Evolution Funding is currently undertaking a companywide project on GDPR to ensure that we are ready for the changes in 2018. The answers below are reflective of our current position on a number of key areas identified in GDPR.

This will be updated as we move through this project. If there is anything else you require clarification on, please contact your account manager.

Consent
Privacy Notices
What other parties may have access to the data or may have this data shared with them?

Our 3rd party funders; the FCA; collection agencies and enforcement agencies; 3rd party IT providers and credit reference agencies.

Our privacy notices, provided to data subjects regarding our use of their data, including its use for marketing, surveying the client and analysis.

Currently under review. Existing notices displayed on our website and are due to be updated before May 2018.

Contracts
Do you subcontract any services outside the EU who may have access to this data?

No.

Contracts will be updated to comply with GDPR, to include clear responsibilities and the purpose and use of the data?

This will be in place by the end of May 2018.

When will these updates be made and communicated to dealers?

Periodic updates will be made and communicated in your Dealer Operating Agreement.

Do you buy or sell databases to third parties?

No.

Data Location
If data is processed outside the UK, what approach will we take to ensure customers are advised on this in our terms of privacy notice, and what contractual documentation will we have in place to cover these transfers?

It may sometimes be necessary to transfer personal information overseas. When this is required information is only shared within the European Economic Area (EEA). Any transfers made will be in full compliance with all aspects of GDPR.

Data/systems can be accessed outside of the EU.

Where is the data stored?

On our premises and on 3rd party premises in the UK.

We do not use a cloud for storage.

Where will data be hosted and processed by us or those acting on our behalf?

It will be processed by 32 funders, who are all based within the UK, are authorised and regulated by the FCA, and have notifications as a data controller with the ICO. We will be contacting them for clarification on any data taken outside the EU.

Organisation’s security measures we have in place?

Internal/external audit; automated systems monitoring; antivirus software; disaster recovery plan; segmented access control; incident response plans; awareness and training.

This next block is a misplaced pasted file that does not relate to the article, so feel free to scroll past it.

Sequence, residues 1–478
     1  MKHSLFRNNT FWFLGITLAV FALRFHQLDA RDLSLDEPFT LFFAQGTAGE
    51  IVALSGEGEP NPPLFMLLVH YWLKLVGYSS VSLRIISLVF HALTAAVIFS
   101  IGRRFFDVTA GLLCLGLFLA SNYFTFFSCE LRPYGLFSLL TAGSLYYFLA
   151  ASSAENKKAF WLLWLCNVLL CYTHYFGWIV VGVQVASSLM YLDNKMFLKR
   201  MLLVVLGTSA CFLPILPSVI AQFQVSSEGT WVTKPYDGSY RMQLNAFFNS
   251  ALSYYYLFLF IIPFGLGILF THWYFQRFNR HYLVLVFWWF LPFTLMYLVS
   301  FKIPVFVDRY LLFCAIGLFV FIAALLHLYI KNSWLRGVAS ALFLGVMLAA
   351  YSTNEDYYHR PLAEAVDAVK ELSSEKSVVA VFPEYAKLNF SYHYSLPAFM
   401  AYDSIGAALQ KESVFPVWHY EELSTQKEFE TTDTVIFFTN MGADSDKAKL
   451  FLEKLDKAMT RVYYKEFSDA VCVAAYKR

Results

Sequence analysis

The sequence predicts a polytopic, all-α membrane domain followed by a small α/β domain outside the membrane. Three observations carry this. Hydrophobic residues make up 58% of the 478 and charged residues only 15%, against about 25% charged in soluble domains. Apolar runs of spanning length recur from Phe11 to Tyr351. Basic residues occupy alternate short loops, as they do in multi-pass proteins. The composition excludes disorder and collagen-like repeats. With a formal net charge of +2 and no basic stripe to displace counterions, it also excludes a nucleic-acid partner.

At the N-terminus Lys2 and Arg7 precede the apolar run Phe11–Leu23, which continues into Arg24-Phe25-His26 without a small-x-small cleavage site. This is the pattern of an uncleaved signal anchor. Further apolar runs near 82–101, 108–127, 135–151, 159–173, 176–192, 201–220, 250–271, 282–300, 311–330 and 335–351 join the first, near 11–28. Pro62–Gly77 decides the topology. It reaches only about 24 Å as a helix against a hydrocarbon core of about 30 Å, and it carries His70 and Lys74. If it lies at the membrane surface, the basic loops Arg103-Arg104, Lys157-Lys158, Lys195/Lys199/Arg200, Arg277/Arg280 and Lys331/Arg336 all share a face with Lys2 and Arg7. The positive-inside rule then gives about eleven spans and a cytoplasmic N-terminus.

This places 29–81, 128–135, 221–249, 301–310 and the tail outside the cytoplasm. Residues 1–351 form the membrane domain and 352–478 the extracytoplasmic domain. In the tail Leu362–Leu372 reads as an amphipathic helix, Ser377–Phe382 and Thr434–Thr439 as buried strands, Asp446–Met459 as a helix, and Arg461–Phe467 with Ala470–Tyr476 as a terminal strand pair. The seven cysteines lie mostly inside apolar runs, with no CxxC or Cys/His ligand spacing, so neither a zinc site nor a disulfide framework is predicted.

Sub-contractors
How will we notify customers of these third-party processors in order to comply with GDPR?

Through our privacy notices.

Details of our agents and subcontractors currently involved in the processing of personal data provided by you?

Experian, Equifax, Call Credit and our panel of funders.

Data Protection
Do you prepare for regular compliance audits or reviews to identify and fix issues?

Yes, we have a Risk and Compliance Committee.

What processes are in place for data breaches?

We have an internal breaches system open to all staff. We also hold a separate breaches register. Any significant data breach will be escalated to the DPO for investigation with compliance and reported to the ICO where necessary.

What processes are in place for testing, assessing and evaluating the effectiveness of technical and organisation measures for ensuring the security of processing?

Internal and external audits; annual management data assertions.

Have you appointed a Data Protection Officer (DPO)?

Yes, our Chief Operating Officer Lee Streets.

Have all staff received GDPR awareness training?

We are currently producing a GDPR training course for all staff and a workshop for managers.

Have you made preparations for implementing and performing Data Protection Impact Assessments?

These have been completed for each department and will be reviewed annually.

In line with GDPR requirements, including the right to be forgotten and subject data access requests, have we prepared, documented and communicated processes for managing subject data access requests?

Yes, these will be handled, using a defined process, by our complaints department.

The content of this guide is for guidance purposes only and does not constitute any form of advice on which you are entitled to rely. If you are in any way uncertain as to your legal rights then you must take independent legal advice. Evolution Funding Limited accepts no liability or responsibility for any reliance you may place on this guide.